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Doris Day helped America look at AIDS with empathy and love for Rock Hudson

Doris Day helped America look at AIDS with empathy and love for Rock Hudson
Doris Day and Rock Hudson are seen in 1985 in Carmel, a few months before Hudson's death. (Associated Press)

Doris Day and Rock Hudson became big stories starring in a series of romantic comedies in the 1950s and ’60s.

But perhaps their most influential joint appearance came decades later in 1985. Day was about to host a cable TV show about dogs, and she invited Hudson on as her first guest.

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By then, Hudson was sick with AIDS. There had been rumors about his health, but a news conference in Carmel Valley, Calif., where Day lived, would be the first time the public saw how sickly Hudson was.

That footage would become an essential part of America’s understanding of acquired immune deficiency syndrome. It also began a long battle against discrimination and intolerance of the disease.

Day and Hudson are seen during their movie days.
Day and Hudson are seen during their movie days. (Associated Press)

Here is how that appearance came together, according to The Times’ obituary of Day, who died Monday.

The Christian Broadcasting Network approached Day about hosting a talk show called “Doris Day’s Best Friends” that would feature celebrity guests and animals. It aired for two years.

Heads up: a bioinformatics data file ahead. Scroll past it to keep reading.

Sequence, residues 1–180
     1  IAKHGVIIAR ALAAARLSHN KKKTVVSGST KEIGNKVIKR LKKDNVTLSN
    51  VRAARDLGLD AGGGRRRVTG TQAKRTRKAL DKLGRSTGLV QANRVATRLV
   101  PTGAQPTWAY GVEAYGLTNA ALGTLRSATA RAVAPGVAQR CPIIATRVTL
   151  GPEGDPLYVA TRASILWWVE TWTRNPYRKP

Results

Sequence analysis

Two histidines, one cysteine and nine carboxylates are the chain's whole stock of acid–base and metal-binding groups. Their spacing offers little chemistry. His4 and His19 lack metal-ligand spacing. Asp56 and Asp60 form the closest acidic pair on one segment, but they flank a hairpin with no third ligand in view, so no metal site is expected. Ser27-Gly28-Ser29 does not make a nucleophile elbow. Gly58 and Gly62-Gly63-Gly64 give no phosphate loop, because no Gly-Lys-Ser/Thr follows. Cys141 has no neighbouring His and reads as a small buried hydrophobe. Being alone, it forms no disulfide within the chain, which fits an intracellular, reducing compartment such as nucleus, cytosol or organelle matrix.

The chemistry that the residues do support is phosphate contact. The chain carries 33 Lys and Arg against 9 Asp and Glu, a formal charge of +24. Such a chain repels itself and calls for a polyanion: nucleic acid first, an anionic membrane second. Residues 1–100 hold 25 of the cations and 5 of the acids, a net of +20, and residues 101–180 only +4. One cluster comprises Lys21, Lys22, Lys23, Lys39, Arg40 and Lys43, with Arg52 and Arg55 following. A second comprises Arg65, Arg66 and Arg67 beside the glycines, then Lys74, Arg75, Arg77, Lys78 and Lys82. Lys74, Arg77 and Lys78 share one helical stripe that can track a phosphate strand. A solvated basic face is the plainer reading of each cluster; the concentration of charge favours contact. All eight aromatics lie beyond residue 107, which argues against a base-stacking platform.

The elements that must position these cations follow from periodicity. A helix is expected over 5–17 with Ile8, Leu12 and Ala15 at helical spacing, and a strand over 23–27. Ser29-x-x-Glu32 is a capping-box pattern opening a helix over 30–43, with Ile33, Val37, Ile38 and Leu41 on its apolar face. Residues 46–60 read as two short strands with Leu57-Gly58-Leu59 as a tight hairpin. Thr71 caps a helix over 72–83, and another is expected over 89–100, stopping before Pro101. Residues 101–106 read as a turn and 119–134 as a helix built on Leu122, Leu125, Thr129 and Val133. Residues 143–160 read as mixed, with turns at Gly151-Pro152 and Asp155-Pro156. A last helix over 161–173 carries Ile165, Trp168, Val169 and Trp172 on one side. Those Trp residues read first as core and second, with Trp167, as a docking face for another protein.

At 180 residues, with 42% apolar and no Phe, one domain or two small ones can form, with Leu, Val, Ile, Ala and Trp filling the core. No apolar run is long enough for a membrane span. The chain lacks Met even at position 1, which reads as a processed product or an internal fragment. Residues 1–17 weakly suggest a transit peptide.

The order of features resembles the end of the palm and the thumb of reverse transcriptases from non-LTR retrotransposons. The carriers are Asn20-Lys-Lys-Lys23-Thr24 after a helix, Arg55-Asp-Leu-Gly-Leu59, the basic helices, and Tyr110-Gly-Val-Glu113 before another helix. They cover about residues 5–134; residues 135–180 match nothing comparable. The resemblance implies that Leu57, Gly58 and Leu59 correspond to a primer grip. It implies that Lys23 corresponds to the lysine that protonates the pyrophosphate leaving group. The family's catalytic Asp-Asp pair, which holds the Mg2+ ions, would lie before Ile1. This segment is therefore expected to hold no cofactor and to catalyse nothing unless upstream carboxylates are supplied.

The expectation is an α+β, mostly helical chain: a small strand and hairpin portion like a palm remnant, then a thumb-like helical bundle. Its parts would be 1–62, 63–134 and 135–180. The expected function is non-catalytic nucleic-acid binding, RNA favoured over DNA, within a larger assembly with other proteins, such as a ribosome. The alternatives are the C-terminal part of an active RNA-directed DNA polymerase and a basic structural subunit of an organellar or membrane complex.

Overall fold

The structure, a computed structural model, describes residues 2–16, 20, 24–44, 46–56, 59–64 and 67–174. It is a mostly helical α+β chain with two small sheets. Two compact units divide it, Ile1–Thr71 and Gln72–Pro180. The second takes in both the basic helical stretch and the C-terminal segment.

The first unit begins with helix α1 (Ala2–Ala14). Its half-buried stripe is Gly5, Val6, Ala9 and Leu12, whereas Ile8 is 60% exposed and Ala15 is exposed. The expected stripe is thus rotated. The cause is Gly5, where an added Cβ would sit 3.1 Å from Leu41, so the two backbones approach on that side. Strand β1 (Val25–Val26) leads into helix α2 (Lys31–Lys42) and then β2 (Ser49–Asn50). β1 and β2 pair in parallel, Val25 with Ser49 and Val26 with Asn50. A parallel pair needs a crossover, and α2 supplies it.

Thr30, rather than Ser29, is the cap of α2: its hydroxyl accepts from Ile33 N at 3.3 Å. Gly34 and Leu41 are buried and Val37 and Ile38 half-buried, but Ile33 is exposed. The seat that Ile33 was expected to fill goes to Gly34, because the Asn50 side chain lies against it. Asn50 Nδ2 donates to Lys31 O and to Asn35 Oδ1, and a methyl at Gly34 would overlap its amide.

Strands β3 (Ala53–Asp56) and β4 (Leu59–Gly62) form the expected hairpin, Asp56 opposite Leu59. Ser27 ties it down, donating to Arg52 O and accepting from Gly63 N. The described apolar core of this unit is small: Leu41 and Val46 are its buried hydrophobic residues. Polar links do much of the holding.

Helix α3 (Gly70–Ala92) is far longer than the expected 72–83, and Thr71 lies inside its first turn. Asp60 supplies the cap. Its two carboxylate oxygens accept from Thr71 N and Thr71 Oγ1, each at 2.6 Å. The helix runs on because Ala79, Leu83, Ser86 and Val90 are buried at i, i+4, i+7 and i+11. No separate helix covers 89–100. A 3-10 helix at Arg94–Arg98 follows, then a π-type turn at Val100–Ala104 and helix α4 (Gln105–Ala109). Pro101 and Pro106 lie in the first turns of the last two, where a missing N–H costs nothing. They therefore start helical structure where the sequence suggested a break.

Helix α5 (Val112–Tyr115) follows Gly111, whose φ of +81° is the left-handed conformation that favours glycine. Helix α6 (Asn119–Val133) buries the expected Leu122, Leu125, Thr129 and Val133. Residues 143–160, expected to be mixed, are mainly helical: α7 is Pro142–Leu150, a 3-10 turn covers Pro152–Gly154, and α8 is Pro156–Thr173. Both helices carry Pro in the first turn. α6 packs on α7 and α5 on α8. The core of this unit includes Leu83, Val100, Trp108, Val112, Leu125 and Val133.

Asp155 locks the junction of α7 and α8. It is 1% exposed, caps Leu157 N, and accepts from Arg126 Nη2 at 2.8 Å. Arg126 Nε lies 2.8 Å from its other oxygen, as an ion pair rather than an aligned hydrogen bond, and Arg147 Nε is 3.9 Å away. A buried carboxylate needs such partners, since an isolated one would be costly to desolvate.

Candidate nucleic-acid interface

Hudson was a natural first guest, Day later said, because he loved dogs as much as she did. Yet when he came to Carmel in mid-July for filming and a news conference, Day and the press corps were shocked by his gaunt appearance.

Sick with AIDS, Hudson had yet to reveal his condition to Day or the public, but reporters immediately realized he was gravely ill. He would later reluctantly admit that he had AIDS, becoming one of the first major celebrities to acknowledge having the disease.

Despite needing rest, Hudson insisted on taping the show, which aired days after he died in October 1985. Day, her voice choked with emotion, taped an introduction that recalled how Hudson always told her, “The best time I’ve ever had was making comedies with you.” She said she felt the same way.

Day later told People magazine that Hudson had been so sick he could not eat lunch. She said that after the filming they had an emotional goodbye.

“We kissed goodbye and he gave me a big hug and he held on to me. I was in tears. That was the last time I saw him — but he’s in heaven now,” she told the magazine.

Their appearance together was replayed countless times as Hudson’s condition worsened and he announced he had AIDS. For many, it was a public turning point — when the ravages of the disease became impossible to ignore.

Times TV columnist Howard Rosenberg chastised the media for the way they covered Hudson’s health, including the repeated footage of Hudson and Day at that press conference:

There was a faint sniggering undertone to some of the coverage when it came to speculation about Hudson suffering from the deadly acquired immune deficiency syndrome (AIDS), a mysterious illness whose primary victims in the United States are gay males.

A Hollywood institution like Hudson is always news. Yet it is hard to imagine that the media would have gotten so lathered if the story had been solely about Hudson having terminal cancer. A tragedy, yes. Sensational, no. But terminal AIDS? Well!